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June022008

Special Dispatch From Rome: How to Win the Caption Contest

Filed under: Seal Barks   Tagged: , , ,

As I while away the hour or two before flyin’ home, I think I’ll take a moment to note that, in an introspective spirit akin to that of some of our caption contest interviewees, recent winner Patrick House summarizes (for Slate), with a light touch and mighty candor, the mental processes necessary to get a viable caption past the discerning Farley Katz—and, of course, others. Well done, Mr. House, and I hope I can persuade you to chat with one of our talented new interns about your experience. Also, a quick note on your statement here:
To understand what makes the perfect caption, you must start with the readership. Paging through The New Yorker is a lonesome withdrawal, not a group activity. The reader is isolated and introspective, probably on the train commuting to work. He suffers from urban ennui. He does not make eye contact. Laughing out loud is, in this context, an unseemly act sure to draw unwanted attention.
At Emdashes, we try to soothe that periodical loneliness with cheerful camaraderie, meandering reflections, selective spelunking, and, between magazines, digital balm for the paper shakes. Won’t you join us? We can’t promise anything, but you may find yourself laughing a little bit louder.

Comments

Patrick House’s caption — “O.K. I’m at the window. To the right? Your right or my right?” — was good, but I think even he’ll admit that it wasn’t as good as the one I submitted: “O.K. I’m at the window. My right or your right?” Brevity being the soul of wit, my shorter caption (which was substantively identical to the winning entry) should have been selected over Mr. House’s. Why wasn’t it? I can’t be sure, but since I’ve already won two caption contests (nos. 92 and 123), I think The New Yorker is reluctant to give me a third victory. Or maybe it’s because I’m Jewish. The New Yorker is a notoriously anti-Semitic publication.

Lawrence WoodJune 03, 2008

I’m not gonna touch your last assertion there, Lawrence, but there have been a handful of articles about the many varieties on a single theme that come in to the caption contest. Some kind of magic software sorts the similar phrases together, and if the powers that be like a given phrase group, they choose their idea of the funniest caption therein. Humor’s subjective—whaddaya gonna do?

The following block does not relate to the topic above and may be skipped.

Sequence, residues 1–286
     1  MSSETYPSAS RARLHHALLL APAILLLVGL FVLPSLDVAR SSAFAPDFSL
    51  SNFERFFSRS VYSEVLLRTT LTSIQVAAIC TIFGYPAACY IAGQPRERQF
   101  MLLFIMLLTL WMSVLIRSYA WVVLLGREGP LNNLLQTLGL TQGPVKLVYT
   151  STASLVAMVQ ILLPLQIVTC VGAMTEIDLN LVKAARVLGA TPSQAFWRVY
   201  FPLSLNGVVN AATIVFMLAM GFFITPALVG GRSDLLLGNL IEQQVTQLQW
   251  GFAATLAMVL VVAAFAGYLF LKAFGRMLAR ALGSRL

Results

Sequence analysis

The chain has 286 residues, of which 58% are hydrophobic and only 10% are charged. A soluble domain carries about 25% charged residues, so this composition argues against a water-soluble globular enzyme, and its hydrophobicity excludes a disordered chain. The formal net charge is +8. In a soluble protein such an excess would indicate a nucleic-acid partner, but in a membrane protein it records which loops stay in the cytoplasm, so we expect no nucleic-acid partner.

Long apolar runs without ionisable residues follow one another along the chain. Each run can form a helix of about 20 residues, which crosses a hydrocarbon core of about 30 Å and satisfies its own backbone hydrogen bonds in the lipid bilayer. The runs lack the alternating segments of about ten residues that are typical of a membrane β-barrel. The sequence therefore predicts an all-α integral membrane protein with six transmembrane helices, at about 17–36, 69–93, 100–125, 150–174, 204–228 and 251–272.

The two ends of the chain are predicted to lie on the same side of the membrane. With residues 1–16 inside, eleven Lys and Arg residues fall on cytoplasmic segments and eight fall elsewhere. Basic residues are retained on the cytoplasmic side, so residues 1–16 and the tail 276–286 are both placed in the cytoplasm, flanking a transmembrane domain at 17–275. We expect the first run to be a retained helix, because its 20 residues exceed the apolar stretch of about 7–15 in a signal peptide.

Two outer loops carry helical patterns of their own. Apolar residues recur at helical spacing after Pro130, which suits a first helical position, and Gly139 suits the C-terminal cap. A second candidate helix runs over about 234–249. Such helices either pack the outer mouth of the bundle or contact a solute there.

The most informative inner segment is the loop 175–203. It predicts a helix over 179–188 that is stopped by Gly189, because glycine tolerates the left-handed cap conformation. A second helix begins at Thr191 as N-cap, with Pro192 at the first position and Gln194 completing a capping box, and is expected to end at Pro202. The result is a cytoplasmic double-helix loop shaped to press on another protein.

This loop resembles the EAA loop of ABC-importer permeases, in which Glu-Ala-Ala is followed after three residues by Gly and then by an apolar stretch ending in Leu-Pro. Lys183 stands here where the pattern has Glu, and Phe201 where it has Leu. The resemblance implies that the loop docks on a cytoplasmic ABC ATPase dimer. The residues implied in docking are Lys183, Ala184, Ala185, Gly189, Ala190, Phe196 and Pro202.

Congratulations on your winning captions, by the way! For readers, they were “If he’s so damn intelligent, let him get a job” and “You should be happy. How many husbands even notice window treatments?”

Don’t worry. I don’t really think The New Yorker is anti-Semitic. If anything, it’s like a Jewish conspiracy, what with Remnick, Gopnik, Hertzberg, and Mankoff running the show.
And I don’t mind losing to someone who submits a caption that’s similar to mine. One contest winner from Berkeley submitted a caption — “How soon can you start?”— that was identical to mine, and I figured that was just the luck of the draw.
I responded to the news about Patrick House’s article only because he tried to have it both ways. While bragging about his victory, he maintained that the captions aren’t even supposed to be funny. What nonsense. Sometimes they’re not funny, and sometimes The New Yorker rejects what is obviously the funniest caption because it’s just too vulgar (e.g., “I can’t belive I fucked a snowglobe,” which I heard was submitted as a caption for the cartoon of a frustrated woman smoking a cigarette in bed while sitting next to a huge snowglobe), but most of the winning captions are pretty good.
I have to admit, it was disappointing to come so close to a third victory (and to tying the record set by that Virginian bastard, Carl Gable), but I’m going to follow Mr. House’s advice and just keep trying.

Lawrence WoodJune 05, 2008

Periodical loneliness? I love it.

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